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The Project Management Plan

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The Holy grail for PMI is the project management plan. You may or may not have experience using a project management plan on your projects. If you're planning to take one of the PMI exams, it's really important that you understand what he project management plan is from a PMI's perspective. The best way I can describe it is, it's the how-to-guide for your project. It's the instruction manual. Think about it this way. Let's say you're having a really good day; you win the lottery and you decide maybe I'm not going to go back to managing these
projects anymore. Somebody else has to step in and pick up your project because business is going to go on. The project management plan is the key that will get that new project manager up to speed as quickly as possible. So, think about the project management plan as being your how-to-guide.

It's how we're approaching the work of our project. Now there are two main pieces or components of a project management plan as far as the PMBOK Guide describes it. The first would be
our baselines. When we think about a baseline, think about it as
a measuring stick. There are three key baselines that we're going to have, a scope baseline, a schedule baseline and a cost baseline. You may hear these called performance baselines or performance measurement baselines. Check out my other video on baselines. The other piece of your project management plan will be subsidiary plans. Well think about that term, subsidiary, what does it mean? It means it's a part of something else and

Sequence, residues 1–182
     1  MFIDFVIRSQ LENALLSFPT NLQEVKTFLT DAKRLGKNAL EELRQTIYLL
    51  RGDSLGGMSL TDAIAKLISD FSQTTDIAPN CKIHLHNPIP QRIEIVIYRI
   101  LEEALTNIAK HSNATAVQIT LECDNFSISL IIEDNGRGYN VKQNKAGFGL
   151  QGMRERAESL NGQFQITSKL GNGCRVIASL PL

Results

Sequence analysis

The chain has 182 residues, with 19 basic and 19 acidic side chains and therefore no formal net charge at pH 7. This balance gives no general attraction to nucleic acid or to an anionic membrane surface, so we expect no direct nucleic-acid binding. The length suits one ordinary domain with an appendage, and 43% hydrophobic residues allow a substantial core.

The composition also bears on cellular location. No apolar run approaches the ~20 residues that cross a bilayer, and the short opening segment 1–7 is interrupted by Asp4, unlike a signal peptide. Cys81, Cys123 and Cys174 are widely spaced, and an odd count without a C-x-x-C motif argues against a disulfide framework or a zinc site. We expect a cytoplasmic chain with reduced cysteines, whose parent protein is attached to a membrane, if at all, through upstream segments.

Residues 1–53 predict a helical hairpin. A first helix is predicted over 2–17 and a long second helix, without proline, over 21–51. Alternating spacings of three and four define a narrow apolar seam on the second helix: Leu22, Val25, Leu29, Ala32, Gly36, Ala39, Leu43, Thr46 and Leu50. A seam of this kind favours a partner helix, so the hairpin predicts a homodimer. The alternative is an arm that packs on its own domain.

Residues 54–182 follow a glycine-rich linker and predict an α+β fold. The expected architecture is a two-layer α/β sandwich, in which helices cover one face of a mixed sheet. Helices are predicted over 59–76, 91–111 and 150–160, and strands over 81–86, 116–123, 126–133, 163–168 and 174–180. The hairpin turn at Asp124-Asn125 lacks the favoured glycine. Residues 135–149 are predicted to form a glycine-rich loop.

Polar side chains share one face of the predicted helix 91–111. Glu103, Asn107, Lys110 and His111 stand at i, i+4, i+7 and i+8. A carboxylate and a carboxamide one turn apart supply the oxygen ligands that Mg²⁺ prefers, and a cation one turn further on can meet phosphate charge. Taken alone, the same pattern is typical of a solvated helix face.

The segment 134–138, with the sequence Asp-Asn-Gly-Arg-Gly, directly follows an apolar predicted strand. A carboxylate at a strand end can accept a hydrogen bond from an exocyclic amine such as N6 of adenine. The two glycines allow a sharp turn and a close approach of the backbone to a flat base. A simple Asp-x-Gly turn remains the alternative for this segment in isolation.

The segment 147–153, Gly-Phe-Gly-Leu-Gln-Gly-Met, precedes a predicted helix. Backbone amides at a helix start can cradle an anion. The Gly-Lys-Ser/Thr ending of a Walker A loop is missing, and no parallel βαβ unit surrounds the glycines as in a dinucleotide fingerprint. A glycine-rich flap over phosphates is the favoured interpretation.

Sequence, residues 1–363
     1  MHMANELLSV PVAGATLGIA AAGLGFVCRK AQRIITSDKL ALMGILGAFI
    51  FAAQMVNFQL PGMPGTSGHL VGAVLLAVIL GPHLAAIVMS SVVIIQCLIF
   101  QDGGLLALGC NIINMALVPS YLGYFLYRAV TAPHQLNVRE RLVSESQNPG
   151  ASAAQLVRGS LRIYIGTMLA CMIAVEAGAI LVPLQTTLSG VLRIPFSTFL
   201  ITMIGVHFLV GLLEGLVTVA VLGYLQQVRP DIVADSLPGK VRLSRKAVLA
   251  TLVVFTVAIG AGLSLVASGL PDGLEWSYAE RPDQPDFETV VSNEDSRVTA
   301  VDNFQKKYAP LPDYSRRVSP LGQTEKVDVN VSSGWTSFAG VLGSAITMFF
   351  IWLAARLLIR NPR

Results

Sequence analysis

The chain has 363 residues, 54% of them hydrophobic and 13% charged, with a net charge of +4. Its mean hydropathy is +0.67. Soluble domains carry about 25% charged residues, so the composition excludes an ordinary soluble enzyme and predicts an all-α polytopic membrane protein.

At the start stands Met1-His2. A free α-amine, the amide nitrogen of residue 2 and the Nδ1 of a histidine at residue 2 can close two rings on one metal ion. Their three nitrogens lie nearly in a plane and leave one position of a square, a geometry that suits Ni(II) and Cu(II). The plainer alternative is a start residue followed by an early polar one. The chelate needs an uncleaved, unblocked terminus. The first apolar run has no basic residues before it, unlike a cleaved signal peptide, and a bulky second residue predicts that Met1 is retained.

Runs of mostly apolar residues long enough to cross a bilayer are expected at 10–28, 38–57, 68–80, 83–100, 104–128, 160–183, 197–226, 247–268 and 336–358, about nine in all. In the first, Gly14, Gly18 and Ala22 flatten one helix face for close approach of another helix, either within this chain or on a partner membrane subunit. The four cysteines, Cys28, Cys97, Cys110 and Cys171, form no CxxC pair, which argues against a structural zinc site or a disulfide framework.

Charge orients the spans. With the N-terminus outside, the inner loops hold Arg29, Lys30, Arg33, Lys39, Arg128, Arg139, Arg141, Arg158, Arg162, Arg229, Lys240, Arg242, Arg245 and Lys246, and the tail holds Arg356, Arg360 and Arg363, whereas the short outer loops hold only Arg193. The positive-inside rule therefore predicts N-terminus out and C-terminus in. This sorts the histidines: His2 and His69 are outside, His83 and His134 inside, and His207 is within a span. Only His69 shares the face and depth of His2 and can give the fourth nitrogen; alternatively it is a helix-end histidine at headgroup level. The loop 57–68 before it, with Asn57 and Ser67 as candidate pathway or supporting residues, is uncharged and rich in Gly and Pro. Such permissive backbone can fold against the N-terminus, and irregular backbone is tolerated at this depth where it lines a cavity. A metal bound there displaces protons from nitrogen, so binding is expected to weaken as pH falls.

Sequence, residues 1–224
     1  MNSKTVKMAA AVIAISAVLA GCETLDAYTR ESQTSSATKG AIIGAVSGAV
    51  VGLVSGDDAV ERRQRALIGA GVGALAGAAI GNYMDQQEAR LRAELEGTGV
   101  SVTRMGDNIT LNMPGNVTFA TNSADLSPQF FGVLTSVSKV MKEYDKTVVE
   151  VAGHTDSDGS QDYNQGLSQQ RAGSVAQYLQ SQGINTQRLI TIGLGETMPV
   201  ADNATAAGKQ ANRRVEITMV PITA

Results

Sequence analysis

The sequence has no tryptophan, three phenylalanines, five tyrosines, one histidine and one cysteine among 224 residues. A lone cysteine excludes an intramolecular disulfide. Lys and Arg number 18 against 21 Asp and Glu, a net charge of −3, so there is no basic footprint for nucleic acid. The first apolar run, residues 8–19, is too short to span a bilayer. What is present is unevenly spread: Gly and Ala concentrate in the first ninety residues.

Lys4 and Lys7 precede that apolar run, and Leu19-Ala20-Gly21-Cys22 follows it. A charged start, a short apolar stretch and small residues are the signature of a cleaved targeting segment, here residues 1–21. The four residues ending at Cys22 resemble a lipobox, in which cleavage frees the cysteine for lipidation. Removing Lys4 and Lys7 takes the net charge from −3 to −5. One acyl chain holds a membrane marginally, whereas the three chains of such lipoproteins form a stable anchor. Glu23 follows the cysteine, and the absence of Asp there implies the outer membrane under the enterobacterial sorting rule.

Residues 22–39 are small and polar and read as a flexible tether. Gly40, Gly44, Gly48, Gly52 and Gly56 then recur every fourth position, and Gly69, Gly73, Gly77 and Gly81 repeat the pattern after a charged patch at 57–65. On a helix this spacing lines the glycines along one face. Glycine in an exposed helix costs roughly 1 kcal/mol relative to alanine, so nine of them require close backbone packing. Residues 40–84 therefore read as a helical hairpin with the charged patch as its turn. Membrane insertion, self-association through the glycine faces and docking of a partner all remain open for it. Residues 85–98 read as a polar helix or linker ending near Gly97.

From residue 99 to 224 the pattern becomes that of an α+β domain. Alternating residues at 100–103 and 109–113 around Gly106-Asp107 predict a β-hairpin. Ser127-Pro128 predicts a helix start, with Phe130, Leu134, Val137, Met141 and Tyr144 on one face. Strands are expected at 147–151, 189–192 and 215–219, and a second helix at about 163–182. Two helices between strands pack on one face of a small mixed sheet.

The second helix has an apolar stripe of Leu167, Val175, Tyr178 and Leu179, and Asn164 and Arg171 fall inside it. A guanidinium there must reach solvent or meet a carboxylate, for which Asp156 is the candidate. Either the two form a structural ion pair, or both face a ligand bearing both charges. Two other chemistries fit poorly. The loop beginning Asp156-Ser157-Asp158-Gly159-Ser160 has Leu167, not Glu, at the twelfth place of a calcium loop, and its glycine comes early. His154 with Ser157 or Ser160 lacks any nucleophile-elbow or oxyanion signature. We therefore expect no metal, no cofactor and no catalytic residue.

that's what these subsidiary plans are. They're part of the
project management plan and they just provide additional details, information and instruction around very specific areas of your project.

So, for example, I might have a cost management plan that describes how I'm managing my budget, how I'm developing my estimates, any type of accounting procedures that I need to
follow. I may have a quality management plan, I could have a
schedule management plan, resource management plan, communication management plan, etc. Those would all be part of that project management plan. Now the project management plan is developed iteratively throughout your project. We want to make sure it stays up to date. So, I always use the rule of as little as possible.

We want to keep it as scant, believe it or not, as we need it to be. We want the right information, the right amount of information without going overboard. I don't want to be updating a 600-page document every time something changes on my project. So, we want enough information to be valuable, but not too much that it becomes unwieldy. So that's the information on the project management plan. This is a key aspect of any exam you'll take from PMI and its good practice for your projects.

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